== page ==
Crown prosecutors in Yukon have stayed all criminal charges against Michael Nehass, effectively ending what's been one of the territory's most complex and longstanding legal battles.
The Crown's decision marks a complete reversal since last year, when prosecutors tried to have Nehass, 33, declared a dangerous offender — something that could have jailed him indefinitely.
Prosecutors told Yukon Supreme Court on Friday they had no further concerns about public safety and that it was not in the public interest to proceed with a criminal case.
Nehass, 33, has been in custody since 2011. He was initially jailed for assault and later accumulated charges related to violent and property crimes which occurred while he was in jail, such as setting a fire and assaulting a guard.
Nehass's lawyers, and other critics, have long argued that Nehass' mental health was made worse by long periods of segregation at Whitehorse Correctional Centre (WCC). He was often kept alone for 23 hours a day.
On Friday, Yukon Supreme Court heard that Nehass was not allowed to shower without being in shackles while at WCC.
Mental health treatment
What's not clear now, though, is where Nehass goes next. He no longer faces criminal charges, and so is no longer on remand.
Last year, he was diagnosed with a form of schizophrenia and moved from WCC to a facility in Ontario, called the Ontario Shores Centre for Mental Health Services. He's been there since then.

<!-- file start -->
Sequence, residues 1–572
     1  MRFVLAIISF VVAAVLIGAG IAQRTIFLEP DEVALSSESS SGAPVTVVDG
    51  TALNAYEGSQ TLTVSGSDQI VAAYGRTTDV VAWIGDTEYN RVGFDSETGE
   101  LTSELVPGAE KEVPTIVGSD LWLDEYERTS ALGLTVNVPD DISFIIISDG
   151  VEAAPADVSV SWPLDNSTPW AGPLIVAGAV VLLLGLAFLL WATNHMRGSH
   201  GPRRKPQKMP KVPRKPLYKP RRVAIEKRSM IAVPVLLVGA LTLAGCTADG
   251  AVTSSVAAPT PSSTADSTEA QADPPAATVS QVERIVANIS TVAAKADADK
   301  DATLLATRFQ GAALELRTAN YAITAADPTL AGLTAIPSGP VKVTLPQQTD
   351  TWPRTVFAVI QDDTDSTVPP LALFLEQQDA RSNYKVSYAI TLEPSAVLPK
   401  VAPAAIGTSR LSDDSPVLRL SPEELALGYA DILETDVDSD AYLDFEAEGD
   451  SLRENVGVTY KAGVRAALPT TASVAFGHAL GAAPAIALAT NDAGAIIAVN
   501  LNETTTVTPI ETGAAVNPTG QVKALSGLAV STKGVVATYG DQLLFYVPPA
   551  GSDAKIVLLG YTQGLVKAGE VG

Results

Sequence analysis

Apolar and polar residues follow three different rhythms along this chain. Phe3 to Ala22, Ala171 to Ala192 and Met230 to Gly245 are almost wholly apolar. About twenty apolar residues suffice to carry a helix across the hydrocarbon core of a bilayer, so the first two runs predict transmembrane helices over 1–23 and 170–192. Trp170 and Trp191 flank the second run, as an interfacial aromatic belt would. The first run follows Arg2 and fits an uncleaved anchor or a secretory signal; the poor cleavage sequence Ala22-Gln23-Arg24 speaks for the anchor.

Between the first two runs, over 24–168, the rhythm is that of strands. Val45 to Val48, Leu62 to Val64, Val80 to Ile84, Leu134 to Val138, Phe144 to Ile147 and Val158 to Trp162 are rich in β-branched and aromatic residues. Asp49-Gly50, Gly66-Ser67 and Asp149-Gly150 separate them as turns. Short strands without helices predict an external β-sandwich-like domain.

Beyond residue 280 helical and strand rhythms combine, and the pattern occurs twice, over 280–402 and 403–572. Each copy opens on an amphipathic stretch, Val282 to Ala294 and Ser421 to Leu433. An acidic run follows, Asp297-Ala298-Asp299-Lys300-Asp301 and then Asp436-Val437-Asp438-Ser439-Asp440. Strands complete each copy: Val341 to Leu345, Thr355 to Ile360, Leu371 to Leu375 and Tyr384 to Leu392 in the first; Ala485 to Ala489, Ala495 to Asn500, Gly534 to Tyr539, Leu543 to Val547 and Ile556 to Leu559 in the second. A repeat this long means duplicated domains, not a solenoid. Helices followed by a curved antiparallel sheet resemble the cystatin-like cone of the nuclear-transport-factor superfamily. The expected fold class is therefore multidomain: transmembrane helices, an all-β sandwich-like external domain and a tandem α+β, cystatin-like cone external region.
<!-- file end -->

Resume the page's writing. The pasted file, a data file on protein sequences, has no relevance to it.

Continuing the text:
Court has heard that Nehass is taking medication there and responding well to treatment.
In past court appearances, a distressed Nehass has spoken of conspiracies, brain microchips and mind control, but not since transferring to Ontario.
Outside the court, Crown prosecutor Eric Marcoux said he believes Nehass could be "better dealt with through the hospital system rather than the criminal justice system."
His defence attorney, Anik Morrow, told the court Friday that Nehass should not be "unceremoniously dumped onto the sidewalk in Ontario."
Nehass himself also addressed the court on Friday. He first said he wanted to be sent to a mental health facility in B.C. for more treatment. He then changed his mind, and insisted he wanted to return to Whitehorse.
He said he should be freed to stay in a hotel, but the court refused. Instead, Justice Ron Veale extended a previous treatment order, effectively forcing Nehass to remain at Ontario Shores until at least Tuesday.
That's when the court will reconvene to decide when or how Nehass will go free and whether he will be admitted to another treatment facility.
'Shameful' treatment, says defence lawyer
Justice Veale said Friday that Nehass's case raises concerns about the Canadian justice system.
"There are very serious issues relating to the treatment of Mr.Nehass in the past five years," Veale said.
Defence attorney Anik Morrow agrees and said Nehass' treatment by the justice system has been "shameful." She said the stay of charges should not mean his case is forgotten.
"The government needs to hear about this," Morrow said. "When we look at Nehass's case, it speaks to resources for the mentally ill."
Morrow added the Canadian justice system needs to "develop solutions to make sure this never happens again."
During a previous court appearance, Yukon's Director of Corrections Patricia Ratel agreed that WCC is "not adequate" for inmates who are mentally ill. She added that jail staff are often inexperienced in dealing with mental illness, but said the facility had no choice but to house Nehass.